“I miss bum sprays a lot. I have found ways to get around the situation like using wet wipes and portable bidets but they’re too cumbersome. It’s especially hard when you’re in a public toilet. I bulk buy wet wipes to get by. I know people who carry bottles of water in public but I personally find that too gross.” - Naasir Feroz Khan, 24, Southampton, UK 

Use a portable bidet

“When I first moved into my shared apartment, the reality of the lack of jet sprays finally hit me. It feels so strange that no one here uses it. I thought I’d ask my landlord and get an external jet spray fitted but that’s not an option due to housing rules. For now, I use a portable bidet that isn’t very effective but does the work. When I’m outside, I always use toilet paper even though I lowkey feel like my bum is never clean enough.” - Uday Akasapu, 27, Wels, Austria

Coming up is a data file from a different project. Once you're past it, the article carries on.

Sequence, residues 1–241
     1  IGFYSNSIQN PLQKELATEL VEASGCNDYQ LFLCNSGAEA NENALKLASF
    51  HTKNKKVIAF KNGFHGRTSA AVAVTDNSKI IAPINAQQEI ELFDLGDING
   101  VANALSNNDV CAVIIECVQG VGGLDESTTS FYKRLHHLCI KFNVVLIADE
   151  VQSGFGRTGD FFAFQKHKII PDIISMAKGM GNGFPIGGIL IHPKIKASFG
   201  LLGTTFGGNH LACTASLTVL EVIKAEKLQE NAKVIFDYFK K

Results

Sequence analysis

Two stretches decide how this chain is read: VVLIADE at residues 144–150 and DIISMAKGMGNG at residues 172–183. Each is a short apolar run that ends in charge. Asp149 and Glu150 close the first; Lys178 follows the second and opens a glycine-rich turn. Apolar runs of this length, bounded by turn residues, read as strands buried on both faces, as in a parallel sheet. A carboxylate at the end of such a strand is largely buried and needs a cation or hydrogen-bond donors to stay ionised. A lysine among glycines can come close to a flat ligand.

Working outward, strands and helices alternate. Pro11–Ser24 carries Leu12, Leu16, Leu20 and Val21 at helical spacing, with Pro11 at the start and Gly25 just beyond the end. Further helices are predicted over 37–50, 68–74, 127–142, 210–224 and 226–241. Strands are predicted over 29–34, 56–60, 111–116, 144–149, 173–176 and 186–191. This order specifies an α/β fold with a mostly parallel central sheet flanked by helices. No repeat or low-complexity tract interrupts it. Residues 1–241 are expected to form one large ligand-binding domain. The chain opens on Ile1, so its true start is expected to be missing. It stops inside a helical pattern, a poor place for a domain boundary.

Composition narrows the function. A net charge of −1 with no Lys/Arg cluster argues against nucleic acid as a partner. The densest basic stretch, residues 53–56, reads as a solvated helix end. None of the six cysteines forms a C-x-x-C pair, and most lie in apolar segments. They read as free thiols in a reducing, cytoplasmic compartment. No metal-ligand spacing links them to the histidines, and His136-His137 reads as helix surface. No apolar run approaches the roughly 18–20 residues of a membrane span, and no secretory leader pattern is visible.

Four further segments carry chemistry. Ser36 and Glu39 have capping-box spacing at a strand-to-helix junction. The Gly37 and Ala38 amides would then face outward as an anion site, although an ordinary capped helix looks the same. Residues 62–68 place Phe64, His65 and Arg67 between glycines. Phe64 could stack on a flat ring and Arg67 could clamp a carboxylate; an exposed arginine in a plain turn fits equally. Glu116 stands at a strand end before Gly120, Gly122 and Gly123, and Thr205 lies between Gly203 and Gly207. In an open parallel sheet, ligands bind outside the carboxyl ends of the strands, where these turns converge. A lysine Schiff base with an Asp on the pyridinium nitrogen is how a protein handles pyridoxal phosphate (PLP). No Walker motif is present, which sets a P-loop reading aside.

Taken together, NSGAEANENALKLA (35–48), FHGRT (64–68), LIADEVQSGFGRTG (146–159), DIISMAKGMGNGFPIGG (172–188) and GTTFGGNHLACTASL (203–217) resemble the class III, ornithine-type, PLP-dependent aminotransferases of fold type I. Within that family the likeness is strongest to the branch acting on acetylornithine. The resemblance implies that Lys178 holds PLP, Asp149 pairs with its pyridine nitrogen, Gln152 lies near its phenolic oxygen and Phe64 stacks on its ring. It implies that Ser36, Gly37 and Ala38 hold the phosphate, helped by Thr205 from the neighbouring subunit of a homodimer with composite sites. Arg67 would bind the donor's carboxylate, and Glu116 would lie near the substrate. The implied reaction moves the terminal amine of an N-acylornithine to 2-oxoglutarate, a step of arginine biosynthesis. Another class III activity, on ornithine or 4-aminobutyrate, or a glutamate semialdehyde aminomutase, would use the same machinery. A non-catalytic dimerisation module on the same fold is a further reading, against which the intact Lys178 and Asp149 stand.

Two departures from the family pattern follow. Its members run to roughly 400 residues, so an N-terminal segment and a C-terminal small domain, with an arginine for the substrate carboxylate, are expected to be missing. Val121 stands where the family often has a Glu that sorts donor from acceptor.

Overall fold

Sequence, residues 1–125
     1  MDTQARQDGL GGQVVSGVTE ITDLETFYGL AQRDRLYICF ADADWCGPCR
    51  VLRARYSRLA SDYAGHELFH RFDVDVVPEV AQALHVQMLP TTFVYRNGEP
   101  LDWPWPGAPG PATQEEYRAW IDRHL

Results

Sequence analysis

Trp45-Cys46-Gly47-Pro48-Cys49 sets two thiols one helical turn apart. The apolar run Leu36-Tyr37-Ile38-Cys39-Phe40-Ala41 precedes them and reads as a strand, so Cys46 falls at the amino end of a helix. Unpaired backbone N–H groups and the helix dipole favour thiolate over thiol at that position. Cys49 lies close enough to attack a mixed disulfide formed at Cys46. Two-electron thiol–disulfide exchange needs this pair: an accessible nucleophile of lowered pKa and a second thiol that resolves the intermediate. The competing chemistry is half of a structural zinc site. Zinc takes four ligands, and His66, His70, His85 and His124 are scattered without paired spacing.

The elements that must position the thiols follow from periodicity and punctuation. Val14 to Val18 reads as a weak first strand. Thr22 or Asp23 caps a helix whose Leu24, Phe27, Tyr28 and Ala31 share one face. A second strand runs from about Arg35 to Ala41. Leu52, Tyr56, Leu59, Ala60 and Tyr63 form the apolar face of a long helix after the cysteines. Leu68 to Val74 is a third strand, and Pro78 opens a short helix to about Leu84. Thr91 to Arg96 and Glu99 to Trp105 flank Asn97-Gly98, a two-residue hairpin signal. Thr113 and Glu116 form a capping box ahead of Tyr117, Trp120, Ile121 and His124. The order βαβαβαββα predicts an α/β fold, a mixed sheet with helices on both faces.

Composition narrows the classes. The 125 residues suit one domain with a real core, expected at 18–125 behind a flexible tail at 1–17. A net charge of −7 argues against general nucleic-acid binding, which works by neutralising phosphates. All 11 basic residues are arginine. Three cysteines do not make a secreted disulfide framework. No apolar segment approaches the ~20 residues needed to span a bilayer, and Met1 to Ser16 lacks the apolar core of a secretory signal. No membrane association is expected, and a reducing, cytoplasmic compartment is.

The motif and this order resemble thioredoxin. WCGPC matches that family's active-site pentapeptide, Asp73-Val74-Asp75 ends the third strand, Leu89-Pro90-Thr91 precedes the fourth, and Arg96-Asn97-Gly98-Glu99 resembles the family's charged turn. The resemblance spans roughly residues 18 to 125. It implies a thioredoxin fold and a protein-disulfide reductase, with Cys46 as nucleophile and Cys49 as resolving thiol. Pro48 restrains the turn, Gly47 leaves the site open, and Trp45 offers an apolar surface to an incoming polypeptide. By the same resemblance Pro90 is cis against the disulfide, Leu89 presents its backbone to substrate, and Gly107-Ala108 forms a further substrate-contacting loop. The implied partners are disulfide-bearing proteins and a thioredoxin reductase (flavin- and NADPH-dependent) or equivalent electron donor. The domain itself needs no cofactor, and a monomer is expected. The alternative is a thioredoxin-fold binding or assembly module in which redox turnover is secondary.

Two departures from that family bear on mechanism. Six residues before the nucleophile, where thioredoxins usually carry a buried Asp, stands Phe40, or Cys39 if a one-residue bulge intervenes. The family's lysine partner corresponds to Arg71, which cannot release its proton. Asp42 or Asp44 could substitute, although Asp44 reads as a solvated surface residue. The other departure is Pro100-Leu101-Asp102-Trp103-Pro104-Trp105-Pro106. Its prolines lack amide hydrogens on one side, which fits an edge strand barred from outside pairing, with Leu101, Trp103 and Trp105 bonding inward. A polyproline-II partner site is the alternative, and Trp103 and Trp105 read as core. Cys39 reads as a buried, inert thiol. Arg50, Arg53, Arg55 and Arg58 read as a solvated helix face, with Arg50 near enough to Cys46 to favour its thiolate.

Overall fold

Grudgingly use toilet paper

“I’m used to toilet paper by now but let’s be honest, it takes up so much more time. I worry about how long I spend in bathrooms, especially in public ones. Other people around me seem to have gotten used to using toilet papers and are quick with the process. But wiping the butt just takes too long for me and if I’m outside, say at a friend’s place, I keep thinking about how they might find the time I spend in bathrooms weird. I’m also worried about the environmental impact of toilet paper; it bothers me so much because I know how easy it is to not have to waste so much paper. Currently, I am back in India for a few weeks and thoroughly enjoying the luxury of the jet spray.”- Arnav Binaykia, 20, divides his time between India and New York


Laugh at toilet paper stockpilers

“I was warned before I came to the U.S. around two-and-a-half years ago about the woes of the non-jet spray life. I think toilet paper is unhygienic as hell, especially for us Indians who've known the luxury, convenience and hygiene of a bidet. It amuses me everytime I see a tweet about an American discovering bidets and then recommending it as a must-have. The doomsday scenario at the beginning of the pandemic when everyone was stockpiling toilet rolls was just extremely funny. For now though, I don’t have a choice but to stick to TP. - Ayushmita Rao, 24, Los Angeles, USA